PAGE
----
Already a monster but want to up your game? We will be offering some Monster Make-Over Classes for some of the more complex monsters this fall. Look for the September-October Museum News, the blog in September or the e-blasts in October for more information.

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No Bones About It: Forensic Workshop Provides Evidence for an Awesome New CSI Summer Camp

At the Houston Museum of Natural Science, we understand the value of education, as it is an integral part of our overall mission. The value placed on education extends to museum employees as well. Whether through offering CPR training to employees or encouraging participation in continuing education in disciplines in which they are already trained, there is always opportunity for growth. I benefited from this forward-thinking mindset in April. Let me tell you a little bit about this amazing opportunity.

I participated in the Forensic Anthropology and Skeletal Recovery workshop presented by the Forensic Science Center. This 40-hour experience was spent learning to identify bones as human or animal, creating biological profiles using skeletal remains, and recovering buried remains along with associated evidence. In addition to furthering my education, I was able to meet some interesting people, like my new friend pictured here.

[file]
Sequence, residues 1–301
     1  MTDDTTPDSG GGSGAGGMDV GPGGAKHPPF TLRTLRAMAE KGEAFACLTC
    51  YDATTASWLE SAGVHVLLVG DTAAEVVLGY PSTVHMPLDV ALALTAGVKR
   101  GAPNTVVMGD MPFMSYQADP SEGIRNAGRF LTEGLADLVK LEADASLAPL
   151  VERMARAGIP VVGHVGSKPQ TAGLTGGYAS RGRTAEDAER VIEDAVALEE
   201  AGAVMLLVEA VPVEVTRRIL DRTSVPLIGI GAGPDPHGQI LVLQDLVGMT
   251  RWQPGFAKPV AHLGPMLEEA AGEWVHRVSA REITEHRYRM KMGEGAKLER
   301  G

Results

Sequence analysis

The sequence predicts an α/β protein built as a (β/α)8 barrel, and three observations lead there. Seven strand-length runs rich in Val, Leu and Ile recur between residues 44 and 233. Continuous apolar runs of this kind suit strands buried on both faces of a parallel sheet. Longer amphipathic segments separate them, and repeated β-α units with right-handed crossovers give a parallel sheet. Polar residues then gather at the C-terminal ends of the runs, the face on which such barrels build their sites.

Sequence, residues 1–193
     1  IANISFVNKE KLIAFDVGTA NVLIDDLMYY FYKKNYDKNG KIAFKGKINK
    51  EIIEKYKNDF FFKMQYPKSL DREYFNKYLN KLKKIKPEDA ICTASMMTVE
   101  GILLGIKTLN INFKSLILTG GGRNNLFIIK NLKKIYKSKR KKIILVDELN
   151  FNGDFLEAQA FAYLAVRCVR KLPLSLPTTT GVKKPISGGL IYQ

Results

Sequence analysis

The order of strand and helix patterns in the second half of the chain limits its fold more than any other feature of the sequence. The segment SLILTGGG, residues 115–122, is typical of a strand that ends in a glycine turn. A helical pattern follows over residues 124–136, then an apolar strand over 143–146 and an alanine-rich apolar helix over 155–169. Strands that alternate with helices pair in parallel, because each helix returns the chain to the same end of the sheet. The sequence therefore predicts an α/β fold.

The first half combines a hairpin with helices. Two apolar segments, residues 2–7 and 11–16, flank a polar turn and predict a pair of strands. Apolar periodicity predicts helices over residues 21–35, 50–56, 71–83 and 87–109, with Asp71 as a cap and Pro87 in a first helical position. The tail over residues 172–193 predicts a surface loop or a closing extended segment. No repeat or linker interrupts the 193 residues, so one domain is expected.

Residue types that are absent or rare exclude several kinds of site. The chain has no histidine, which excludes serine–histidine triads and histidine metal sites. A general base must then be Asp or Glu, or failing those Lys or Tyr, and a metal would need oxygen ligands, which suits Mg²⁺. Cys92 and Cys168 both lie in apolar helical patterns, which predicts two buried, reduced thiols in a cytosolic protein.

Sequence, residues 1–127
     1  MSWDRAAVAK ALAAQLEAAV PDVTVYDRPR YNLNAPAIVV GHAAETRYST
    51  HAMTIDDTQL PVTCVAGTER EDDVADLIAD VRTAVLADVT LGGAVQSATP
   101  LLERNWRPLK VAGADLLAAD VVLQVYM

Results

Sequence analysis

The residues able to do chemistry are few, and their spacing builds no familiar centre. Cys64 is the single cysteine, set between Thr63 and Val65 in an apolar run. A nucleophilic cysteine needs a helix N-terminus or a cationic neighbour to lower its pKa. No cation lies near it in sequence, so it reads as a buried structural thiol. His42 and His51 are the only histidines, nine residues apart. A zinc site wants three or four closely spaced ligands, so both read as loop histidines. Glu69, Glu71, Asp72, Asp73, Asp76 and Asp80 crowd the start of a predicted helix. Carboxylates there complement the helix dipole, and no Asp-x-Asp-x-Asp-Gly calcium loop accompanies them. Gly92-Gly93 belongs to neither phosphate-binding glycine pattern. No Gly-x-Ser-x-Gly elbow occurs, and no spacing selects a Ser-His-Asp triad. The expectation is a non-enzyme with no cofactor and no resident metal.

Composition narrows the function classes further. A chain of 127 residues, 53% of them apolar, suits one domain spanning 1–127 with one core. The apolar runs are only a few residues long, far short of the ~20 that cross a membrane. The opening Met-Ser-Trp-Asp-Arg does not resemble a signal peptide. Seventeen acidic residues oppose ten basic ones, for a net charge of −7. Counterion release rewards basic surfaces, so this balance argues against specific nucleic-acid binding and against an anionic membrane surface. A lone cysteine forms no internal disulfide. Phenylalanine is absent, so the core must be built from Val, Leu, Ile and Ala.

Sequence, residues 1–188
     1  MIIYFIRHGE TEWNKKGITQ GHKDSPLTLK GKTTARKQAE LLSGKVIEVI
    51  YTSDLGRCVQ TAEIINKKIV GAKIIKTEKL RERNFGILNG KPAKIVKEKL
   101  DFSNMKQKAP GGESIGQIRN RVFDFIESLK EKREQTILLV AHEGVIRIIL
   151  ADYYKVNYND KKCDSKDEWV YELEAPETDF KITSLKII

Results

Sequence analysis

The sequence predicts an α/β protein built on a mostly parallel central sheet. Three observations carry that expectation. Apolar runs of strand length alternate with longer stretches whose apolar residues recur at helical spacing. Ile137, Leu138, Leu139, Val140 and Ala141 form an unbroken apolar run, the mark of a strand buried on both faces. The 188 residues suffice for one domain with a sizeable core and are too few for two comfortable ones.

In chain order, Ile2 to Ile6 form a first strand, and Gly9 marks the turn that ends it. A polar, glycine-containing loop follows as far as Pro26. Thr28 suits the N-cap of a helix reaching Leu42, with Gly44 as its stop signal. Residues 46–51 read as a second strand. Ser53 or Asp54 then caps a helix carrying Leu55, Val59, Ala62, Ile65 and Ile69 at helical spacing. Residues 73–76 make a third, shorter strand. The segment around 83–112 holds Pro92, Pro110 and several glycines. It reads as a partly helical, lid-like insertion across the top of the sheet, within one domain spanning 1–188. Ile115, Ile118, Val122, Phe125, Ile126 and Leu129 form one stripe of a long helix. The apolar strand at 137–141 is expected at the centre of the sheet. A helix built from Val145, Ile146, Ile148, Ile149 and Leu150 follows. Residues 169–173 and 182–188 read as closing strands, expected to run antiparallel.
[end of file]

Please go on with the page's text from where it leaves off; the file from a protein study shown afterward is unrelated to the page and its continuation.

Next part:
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Forensic anthropology is the application of anthropology to criminal investigations. The forensic anthropologist is often called in to help in the recovery of skeletal remains and to create biological profiles using bones to help identify an unknown individual. Let me tell you a little bit about how it works.

First thing’s first — if what looks like a bone is found, whether it could be something else must be determined. There are a surprising number of things that look like bone. Even anthropologists can be fooled from a distance. Below is a picture taken on my trip to Saudi Arabia; the item is about the size of a half dollar.  At first glance, I thought it was bone, but on closer inspection, I decided it was not. It is most likely a piece of coral, fashioned into a circular shape many years ago, by human hands. So, not bone . . . still cool. I can live with that.

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The fact that it was found next to the piece below, which is absolutely bone, made it much more likely to assume the above piece was bone as well.